Brookfield Explosion: A Year Later

Brookfield Explosion: A Year Later

Questions still remain; SCC finds probable gas-company violations.

— One minute, Thuan Nguyen and his family lived in a two-story house in Chantilly’s Brookfield community. The next minute, it was gone — blown sky high in a gas explosion and burned to the ground.


This photo, taken three days after the explosion, shows the severe corrosion on the gas service line that led to the Nguyens’ home in Brookfield.

It was Dec. 19, 2010 and, luckily, the family was out with friends when their home and everything in it was destroyed. Since then, the Nguyens have built a new home on the same site and hope to move in soon.

But members of the community still have a nagging feeling of unease because, although more than a year has passed since the explosion, they still don’t know for sure what caused it. However, things have been moving forward and the Virginia State Corporation Commission (SCC) issued its findings in a Nov. 30, 2011 report now being made public.

Brookfield Civic Association President Larry Leeds shared the results with the residents during a Jan. 19 homeowners meeting. "Washington Gas is still investigating," he said. "But the [SCC] found Washington Gas had several [probable] violations, including violations of its own operating procedures."

Not all Brookfield homes are serviced by gas, but Leeds told residents they can ask the local fire department to come to their homes and check them for leaks. It’s a free service and, said Leeds, "If I was living in a house heated by gas, I’d be concerned."

The incident occurred around 8:45 p.m., bringing some 60 firefighters from five stations — including two hazardous-materials units — to the scene. Just prior to the blast, neighbors who’d smelled gas began calling 911; but the house blew up while fire units were en route.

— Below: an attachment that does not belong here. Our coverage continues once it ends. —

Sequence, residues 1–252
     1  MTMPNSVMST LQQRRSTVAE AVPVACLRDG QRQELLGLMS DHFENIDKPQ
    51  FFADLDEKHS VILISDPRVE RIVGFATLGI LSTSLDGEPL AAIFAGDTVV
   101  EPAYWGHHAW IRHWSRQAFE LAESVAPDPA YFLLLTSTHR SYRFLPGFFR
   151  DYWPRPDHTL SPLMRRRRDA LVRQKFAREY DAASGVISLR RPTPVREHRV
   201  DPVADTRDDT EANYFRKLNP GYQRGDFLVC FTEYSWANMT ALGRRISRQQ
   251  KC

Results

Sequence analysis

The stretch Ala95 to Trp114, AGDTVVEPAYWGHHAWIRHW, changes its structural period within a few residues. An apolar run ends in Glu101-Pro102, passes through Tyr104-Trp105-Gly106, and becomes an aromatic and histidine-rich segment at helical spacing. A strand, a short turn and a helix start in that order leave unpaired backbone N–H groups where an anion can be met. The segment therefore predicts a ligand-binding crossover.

Shortly after the explosion, Washington Gas found and repaired a gas leak beneath the road outside the Nguyens’ home. "These people did lose their house, but they’re really lucky that they’re still alive," said Leeds. "There were a couple miracles, that night — one, that nobody got hurt; and two, that nobody got killed."

The Fairfax County Fire Marshal’s incident-summary report lists the value of the property as $260,810 and its contents as $130,405, for a total loss of $391,215. The report concluded that "this fire was accidental and, most likely, the result of a natural-gas release into the structure which accumulated from the top down to the first floor."

"Once the flammable gas and air mixture reached the ignition source — most probably the open-flame water heater located within the first-floor utility room — ignition occurred," the report continued. "[This resulted in a] rapid release of energy starting high and then exiting through the front of the house."

Since then, the SCC’s Division of Utility and Railroad Safety did a thorough investigation and concluded that Washington Gas — mostly referred to in the 41-page report as WGL, for Washington Gas Light Co. — committed 11 probable violations, both before and after the explosion.

According to the report, investigation revealed that "the gas service line to the home experienced severe corrosion that resulted in a major gas leak in the road in front of the home. In addition, a section of customer-owned, natural-gas fuel line terminating on the second floor of the home was discovered without an end cap."